The topics of ethics, responsibility, and sustainability (ERS) are finding increasing resonance in business school teaching and research worldwide. Responding to a changing business climate, and in conjunction with rising interest from students and other stakeholders, many business school Deans, faculty, and administrators are actively exploring integrating ERS into all aspects of business education. Business school accreditation bodies (including EQUIS and AACSB, among others) have responded to this increase in interest by beginning to include ERS criteria into their accreditation standards and reviews.
Over the course of nine months during 2013-2014, a group of business school faculty and senior university administrators who participated in a GRLI 50+20 innovation cohort, examined ERS practices and collected ideas based on experiences in their eight universities in Canada, France, Ireland, Italy, Spain, Sweden, Switzerland, and the United States.
Their aim was to share our peer learning as a stimulus through which to globally source rich, vibrant ideas about how universities are bringing ERS to life. The larger purpose of the initiative was to generate dialogue about the inclusion of ERS standards in various accreditation requirements, and to share learning across peer institutions about how ERS can be advanced, whether institutions are seeking accreditation or not.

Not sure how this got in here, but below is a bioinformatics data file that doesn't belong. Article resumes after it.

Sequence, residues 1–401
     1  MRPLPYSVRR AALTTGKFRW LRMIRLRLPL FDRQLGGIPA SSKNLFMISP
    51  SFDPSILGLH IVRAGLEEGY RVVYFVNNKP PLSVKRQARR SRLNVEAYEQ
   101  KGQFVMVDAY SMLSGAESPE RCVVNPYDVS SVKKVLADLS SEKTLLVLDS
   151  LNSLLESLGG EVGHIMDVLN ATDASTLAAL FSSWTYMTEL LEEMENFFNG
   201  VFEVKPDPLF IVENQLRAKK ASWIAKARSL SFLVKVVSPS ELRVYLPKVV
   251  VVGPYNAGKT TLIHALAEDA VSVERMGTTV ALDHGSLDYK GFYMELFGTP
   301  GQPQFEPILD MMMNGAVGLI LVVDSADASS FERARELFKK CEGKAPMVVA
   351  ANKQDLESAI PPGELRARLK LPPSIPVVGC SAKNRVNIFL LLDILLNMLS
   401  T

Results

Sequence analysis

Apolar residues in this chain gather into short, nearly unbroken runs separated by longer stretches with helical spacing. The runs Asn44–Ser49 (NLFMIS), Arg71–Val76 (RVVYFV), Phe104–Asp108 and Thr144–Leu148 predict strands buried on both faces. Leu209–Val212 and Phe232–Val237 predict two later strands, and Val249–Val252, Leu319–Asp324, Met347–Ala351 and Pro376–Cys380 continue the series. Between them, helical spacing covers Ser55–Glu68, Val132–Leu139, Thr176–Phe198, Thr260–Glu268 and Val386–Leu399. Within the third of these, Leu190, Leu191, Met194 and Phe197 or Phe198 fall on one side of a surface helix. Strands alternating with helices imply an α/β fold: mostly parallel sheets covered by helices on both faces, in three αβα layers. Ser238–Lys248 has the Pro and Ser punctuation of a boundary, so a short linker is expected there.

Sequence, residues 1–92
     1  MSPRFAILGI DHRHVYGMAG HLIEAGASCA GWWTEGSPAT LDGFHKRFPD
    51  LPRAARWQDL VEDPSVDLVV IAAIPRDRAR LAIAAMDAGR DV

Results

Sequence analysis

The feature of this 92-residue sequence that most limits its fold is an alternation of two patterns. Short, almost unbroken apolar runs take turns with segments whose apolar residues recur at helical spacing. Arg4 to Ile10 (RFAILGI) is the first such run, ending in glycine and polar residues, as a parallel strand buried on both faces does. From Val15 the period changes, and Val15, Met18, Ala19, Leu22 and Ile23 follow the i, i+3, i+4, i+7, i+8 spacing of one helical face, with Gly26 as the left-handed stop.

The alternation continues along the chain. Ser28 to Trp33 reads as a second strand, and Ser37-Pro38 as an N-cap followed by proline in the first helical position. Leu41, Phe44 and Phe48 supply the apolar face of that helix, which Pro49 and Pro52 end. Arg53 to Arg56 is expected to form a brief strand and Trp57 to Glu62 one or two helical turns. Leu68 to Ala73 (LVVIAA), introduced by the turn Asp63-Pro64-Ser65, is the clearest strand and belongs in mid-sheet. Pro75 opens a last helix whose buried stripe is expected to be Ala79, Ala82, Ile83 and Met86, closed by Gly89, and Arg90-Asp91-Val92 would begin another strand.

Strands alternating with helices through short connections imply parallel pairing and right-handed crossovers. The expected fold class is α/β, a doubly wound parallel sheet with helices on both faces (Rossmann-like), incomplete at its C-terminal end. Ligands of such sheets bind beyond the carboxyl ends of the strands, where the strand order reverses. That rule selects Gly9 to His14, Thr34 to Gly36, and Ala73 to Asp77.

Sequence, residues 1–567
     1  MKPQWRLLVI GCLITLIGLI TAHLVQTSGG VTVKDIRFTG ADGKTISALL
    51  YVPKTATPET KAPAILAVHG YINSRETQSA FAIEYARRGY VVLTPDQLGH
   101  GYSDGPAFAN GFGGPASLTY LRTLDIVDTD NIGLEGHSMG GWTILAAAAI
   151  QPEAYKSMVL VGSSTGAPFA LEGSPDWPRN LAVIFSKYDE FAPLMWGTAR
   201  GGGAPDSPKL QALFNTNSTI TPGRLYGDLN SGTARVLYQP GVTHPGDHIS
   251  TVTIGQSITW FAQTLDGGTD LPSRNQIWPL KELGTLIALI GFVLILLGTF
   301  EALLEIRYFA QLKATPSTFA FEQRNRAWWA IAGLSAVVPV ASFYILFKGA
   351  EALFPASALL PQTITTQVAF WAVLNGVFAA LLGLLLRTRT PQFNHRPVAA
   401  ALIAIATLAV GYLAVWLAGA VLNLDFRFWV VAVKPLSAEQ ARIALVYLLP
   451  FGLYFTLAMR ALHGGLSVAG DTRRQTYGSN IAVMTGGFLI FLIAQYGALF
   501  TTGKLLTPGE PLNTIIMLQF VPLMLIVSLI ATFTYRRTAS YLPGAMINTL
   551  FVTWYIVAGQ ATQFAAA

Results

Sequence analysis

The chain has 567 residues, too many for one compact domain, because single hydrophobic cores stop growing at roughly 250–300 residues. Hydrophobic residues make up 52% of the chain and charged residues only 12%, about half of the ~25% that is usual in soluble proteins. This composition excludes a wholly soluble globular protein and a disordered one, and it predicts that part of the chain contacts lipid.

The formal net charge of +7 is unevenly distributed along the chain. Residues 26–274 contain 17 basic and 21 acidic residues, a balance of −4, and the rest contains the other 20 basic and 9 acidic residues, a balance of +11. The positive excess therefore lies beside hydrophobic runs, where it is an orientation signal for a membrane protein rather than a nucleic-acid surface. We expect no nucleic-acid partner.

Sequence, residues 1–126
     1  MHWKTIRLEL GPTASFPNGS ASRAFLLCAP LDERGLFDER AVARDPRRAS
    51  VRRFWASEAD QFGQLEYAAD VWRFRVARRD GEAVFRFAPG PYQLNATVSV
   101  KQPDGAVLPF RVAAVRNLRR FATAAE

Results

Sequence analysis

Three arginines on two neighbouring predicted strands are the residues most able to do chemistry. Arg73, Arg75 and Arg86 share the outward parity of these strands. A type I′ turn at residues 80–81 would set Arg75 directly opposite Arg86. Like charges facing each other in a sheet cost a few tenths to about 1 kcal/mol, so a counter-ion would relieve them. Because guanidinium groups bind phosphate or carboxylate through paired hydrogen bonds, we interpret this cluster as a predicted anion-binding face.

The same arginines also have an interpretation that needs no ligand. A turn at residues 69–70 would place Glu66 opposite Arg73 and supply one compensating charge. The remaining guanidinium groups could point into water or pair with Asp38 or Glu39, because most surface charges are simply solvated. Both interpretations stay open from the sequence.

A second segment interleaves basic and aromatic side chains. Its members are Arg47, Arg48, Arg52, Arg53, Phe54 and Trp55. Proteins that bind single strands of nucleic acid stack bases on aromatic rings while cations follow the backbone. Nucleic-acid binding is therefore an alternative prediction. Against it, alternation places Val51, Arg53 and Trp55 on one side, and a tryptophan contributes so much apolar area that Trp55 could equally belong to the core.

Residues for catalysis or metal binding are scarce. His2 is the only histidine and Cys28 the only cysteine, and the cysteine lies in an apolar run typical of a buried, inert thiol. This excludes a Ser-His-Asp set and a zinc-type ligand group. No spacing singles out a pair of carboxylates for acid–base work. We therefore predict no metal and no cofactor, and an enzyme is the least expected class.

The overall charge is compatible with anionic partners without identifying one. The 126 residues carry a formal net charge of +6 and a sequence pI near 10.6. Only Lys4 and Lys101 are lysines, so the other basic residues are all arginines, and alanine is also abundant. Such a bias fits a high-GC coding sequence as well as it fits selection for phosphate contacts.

In attached paper, they used the EQUIS standard as a framework through which to organize their ideas about how ERS can be implemented across business school areas. In 2013 EQUIS revised its accreditation standards and established criteria for integrating ethics, responsibility and sustainability into business schools. The standards suggest that ethical, responsible, and sustainable behaviour should be an integral part of business school’s strategy and governance, as well as be reflected in their regular research, teaching, and service activities. These standards reflect the desire for business schools to contribute to the resolution of societal challenges and to act as ‘good citizens’ in the environments in which they operate.